In the Land of the Head Hunters (Milestone, Blu-ray, DVD) is not a documentary but it is an invaluable historical document nonetheless. Famed photographer Edward S. Curtis made a career documenting the native tribes on the west in the early 20th century, preserving the imagery of a culture that had almost entirely eradicated through resettlement and assimilation. He lived for a time with the Kwakwaka’wakw (Kwakiutl) people of British Columbia and filmed some of their traditional dance for his lectures before he came up with the idea of making a feature with the members of the tribe.
Neither documentary nor strictly recreation—Curtis wrote a melodramatic tale drawn as much (if not more) from western mythology and European fairy tales as from native cultures—In the Land of the Head Hunters showcases traditional dances and rituals from the era before contact with white settlers through its story of love and war. There’s a brave warrior in ritual of manhood, the daughter of a chief who is in love with him, a cruel sorcerer who plots to destroy the warrior, and the sorcerer’s brother. The actors were all non-professionals and Curtis, who is more documentarian than dramatic storyteller, a rudimentary filmmaker, but he worked with the tribe to recreate the costumes, masks, canoes, and longhouses of the old culture, preserving a legacy that the Canadian government was trying to stamp out (the tribes were forbidden from practicing their cultural rituals and this film provided an exception, which they eagerly took).
In this way, it anticipates Robert Flaherty’s Nanook of the North, which staged recreated scenes to show a way of life that was no longer being practiced by the Inuit people. Though In the Land of the Head Hunters (a reference to a dramatic act in the film but a misrepresentation of the tribal culture) is fiction, it serves a similar purpose as an ethnographic record. The storytelling is rudimentary but the imagery is often gorgeous, with Curtis’ photographer’s eye capturing dramatic images set against striking coast landscapes and seascapes. The dances are gorgeous as are the costumes, recreated village sets, and other props. The ambition of the project can’t be overestimated: it was initiated before feature films had become dominant in the industry and released before The Birth of a Nation debuted in 1915.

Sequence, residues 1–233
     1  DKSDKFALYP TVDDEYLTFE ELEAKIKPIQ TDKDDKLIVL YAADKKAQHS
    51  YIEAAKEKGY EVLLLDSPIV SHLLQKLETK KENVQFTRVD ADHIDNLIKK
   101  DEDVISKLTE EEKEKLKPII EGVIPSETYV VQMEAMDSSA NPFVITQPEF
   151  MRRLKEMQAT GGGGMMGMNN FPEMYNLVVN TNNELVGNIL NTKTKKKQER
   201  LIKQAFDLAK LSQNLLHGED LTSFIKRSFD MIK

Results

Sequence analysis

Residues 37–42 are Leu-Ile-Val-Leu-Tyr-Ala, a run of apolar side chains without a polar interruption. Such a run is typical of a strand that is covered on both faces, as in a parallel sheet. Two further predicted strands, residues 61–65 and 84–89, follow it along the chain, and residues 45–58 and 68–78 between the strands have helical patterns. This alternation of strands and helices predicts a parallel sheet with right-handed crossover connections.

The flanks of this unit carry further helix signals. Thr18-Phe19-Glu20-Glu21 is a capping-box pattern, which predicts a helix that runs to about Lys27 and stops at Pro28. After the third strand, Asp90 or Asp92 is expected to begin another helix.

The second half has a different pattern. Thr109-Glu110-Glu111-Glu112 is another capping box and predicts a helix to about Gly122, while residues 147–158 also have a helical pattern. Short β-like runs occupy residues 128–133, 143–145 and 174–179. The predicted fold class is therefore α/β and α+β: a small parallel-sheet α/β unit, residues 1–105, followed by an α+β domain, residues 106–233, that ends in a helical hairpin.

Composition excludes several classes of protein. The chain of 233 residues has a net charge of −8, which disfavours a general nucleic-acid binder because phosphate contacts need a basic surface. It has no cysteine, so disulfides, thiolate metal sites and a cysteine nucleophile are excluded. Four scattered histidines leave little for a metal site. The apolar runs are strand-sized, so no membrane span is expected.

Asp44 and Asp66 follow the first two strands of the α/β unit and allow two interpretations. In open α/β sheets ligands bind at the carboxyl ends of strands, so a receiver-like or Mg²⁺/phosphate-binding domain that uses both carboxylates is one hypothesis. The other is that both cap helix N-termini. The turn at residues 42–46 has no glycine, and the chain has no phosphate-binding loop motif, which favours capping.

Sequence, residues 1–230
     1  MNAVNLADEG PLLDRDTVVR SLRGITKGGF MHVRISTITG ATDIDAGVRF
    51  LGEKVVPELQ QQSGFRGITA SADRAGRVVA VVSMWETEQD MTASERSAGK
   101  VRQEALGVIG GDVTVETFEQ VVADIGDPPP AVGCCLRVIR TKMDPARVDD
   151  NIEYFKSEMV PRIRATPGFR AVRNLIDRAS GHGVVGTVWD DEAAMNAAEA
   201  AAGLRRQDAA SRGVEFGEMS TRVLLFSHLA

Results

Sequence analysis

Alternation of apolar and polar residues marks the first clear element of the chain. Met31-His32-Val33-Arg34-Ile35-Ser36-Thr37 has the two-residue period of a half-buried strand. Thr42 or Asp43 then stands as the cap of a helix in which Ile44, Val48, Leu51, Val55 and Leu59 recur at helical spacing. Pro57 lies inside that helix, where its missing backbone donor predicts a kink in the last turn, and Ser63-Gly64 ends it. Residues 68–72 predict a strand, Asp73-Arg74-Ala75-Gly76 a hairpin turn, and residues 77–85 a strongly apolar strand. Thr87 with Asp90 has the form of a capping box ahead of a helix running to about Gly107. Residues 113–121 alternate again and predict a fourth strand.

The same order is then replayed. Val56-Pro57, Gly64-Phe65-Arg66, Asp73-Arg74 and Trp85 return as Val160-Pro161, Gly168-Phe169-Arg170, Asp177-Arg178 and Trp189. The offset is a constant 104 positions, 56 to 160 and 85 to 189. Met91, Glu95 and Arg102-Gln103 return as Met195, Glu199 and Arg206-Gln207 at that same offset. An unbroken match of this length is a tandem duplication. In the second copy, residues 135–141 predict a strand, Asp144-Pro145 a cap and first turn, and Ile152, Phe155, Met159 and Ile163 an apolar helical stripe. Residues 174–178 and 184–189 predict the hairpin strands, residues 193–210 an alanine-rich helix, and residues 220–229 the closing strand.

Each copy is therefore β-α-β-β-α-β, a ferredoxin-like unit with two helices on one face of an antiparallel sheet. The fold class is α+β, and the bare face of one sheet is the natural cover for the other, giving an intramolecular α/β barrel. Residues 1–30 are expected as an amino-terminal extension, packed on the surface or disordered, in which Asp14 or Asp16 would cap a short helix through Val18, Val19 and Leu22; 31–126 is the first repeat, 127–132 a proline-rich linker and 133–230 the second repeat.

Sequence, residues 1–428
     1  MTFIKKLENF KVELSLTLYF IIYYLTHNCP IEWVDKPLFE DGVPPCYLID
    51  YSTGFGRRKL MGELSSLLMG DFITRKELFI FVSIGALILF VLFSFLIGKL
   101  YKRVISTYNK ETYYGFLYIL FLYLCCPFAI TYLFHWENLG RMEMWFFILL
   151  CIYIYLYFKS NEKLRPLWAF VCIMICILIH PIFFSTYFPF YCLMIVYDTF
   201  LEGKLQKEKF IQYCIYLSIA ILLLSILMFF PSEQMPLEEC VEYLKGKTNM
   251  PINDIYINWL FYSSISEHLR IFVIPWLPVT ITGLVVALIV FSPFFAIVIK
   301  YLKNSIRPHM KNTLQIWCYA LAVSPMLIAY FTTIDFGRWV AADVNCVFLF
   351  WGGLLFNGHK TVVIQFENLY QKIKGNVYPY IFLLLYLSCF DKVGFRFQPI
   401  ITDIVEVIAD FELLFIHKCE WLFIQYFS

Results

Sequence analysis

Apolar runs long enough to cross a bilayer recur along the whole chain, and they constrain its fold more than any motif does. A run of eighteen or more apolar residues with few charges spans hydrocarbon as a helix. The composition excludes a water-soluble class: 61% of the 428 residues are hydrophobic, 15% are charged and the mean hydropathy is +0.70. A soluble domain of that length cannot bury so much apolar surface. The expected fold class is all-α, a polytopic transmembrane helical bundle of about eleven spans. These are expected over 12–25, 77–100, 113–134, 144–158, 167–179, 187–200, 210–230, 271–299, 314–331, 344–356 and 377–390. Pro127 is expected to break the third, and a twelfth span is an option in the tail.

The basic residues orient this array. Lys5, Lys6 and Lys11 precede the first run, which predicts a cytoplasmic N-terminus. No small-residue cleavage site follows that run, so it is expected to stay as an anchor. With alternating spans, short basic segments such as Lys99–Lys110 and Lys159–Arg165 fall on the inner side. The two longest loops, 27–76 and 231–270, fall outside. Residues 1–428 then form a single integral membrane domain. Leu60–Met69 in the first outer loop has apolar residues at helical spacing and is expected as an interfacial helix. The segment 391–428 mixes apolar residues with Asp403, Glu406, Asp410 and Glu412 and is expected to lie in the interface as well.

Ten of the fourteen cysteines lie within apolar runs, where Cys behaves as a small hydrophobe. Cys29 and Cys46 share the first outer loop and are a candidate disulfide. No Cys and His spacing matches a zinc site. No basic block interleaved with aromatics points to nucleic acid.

The film was orphaned for decades and only existed in an incomplete version (titled In the Land of the War Canoes) reconstructed in 1973 from existing prints and set to a naturalistic soundtrack of native music, chants, and sounds until recently. In 2008 the original cut was reconstructed with newly-discovered footage and still images (to cover footage missing or damaged-beyond-reclamation), using and set to the original score composed for the 1914 debut. In addition to preserving that initial presentation, surviving copies of the sheet music with notations made by musicians helped in the reconstruction of the original cut. The condition of the footage is worn at best and badly decomposed at worst but it is a unique piece of film history that preserves some of the earliest footage of the distinctive culture of the North Pacific tribes. In 1999, it was selected for preservation in the National Film Registry by the Library of Congress.
Milestone releases both versions of the film and includes scholarly commentary, the short documentary Documents of Encounter: The Head Hunters Reconstruction Project that explores aspects of restoration not always shown in such productions, a 1979 short documentary by Bill Holm and George Quimby (the men behind the seventies reconstruction) on the making of the original film, a feature-length presentation of Kwakwaka’wakw tribal dances performed by the Gwa’wina Dancers, and other supplements.